University of California, Irvine - Paul Merage School of Business
William N. Goetzmann
Yale School of Management - International Center for Finance; National Bureau of Economic Research (NBER)
April 13, 1996
Yale School of Mangement Working Paper No. F-56
Recent research shows that emerging markets are distinguished by high returns and low covariances with global market factors. These are striking results, because of their immediate implications for the international investor. One key issue is whether these results may be attributed to selection biases. In particular, we only observe markets that have "emerged," where emergence is typically conditioned upon recently exceeding a size threshold. We often do not have information about markets that "submerged" in the past, and then "re-emerged" recently. Most of today's emerging markets are actually re- emerging markets, but data before their last submergence is difficult to obtain. We simulate a simple, general model of global markets, in which markets are priced according to a world factor, but for which returns are only observed if the market capitalization exceeds a threshold at the end of the observation period. The simulations reveal that recently emerged markets display substantial biases in observed returns -- returns are too high. Conditioning upon recent emergence "picks out" markets with low betas. Turning to recent empirical evidence, we show that there are reasons to suspect conditioning biases. In particular, returns immediately after emergence are greater than later on, and than before emergence. We also report that the performance of less-followed submerged markets is typically inferior to that of emerged markets.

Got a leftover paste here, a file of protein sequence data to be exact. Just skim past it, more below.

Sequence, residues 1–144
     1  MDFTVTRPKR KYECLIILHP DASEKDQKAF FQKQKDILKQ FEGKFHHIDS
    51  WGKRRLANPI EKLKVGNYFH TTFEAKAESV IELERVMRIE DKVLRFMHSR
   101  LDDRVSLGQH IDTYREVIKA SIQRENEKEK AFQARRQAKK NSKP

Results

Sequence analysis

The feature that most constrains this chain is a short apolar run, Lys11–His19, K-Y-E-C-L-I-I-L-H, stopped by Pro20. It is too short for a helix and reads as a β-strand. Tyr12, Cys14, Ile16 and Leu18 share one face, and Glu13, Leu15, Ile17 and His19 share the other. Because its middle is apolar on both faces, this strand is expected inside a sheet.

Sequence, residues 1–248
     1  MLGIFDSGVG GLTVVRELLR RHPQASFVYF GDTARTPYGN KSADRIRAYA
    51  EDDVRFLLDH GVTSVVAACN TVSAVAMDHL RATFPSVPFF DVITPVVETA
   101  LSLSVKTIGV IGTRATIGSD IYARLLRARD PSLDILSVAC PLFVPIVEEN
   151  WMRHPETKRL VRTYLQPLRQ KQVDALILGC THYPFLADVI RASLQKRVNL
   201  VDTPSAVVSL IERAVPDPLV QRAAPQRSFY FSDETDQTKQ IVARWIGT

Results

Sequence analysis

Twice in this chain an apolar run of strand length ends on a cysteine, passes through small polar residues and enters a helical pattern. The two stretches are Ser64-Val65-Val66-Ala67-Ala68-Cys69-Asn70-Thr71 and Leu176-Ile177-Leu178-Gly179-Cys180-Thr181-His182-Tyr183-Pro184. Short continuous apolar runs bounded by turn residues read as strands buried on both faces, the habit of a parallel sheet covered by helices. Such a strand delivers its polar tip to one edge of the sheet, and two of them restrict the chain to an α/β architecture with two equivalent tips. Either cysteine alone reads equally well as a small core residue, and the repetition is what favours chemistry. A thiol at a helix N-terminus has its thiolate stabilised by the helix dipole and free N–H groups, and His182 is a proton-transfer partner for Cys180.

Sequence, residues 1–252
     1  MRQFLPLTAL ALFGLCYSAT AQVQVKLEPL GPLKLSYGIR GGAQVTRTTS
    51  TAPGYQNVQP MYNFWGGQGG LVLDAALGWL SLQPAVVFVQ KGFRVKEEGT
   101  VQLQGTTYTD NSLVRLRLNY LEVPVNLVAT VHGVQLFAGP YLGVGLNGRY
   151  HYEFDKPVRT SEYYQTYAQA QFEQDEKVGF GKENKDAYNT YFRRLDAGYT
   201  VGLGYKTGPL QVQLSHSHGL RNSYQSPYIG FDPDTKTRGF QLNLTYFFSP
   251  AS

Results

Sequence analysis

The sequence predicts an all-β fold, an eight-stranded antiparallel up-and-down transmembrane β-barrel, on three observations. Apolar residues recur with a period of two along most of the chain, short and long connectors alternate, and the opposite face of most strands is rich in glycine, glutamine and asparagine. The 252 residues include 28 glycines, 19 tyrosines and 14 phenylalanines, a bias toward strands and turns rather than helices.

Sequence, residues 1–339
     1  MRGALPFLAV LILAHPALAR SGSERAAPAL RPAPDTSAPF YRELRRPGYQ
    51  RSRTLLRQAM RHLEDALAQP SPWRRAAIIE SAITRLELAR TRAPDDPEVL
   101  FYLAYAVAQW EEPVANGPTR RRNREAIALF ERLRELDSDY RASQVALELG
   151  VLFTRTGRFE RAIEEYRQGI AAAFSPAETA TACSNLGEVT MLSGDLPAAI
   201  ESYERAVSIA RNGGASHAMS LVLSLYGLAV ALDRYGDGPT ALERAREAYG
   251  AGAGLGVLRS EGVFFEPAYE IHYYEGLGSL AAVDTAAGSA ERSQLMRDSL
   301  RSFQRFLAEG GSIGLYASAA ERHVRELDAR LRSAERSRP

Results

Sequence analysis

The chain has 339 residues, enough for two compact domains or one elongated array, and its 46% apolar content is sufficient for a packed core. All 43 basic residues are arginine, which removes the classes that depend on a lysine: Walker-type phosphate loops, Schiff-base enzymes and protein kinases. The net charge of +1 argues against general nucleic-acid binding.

Number of Pages in PDF File: 54
JEL Classification: R31
Date posted: April 14, 1998
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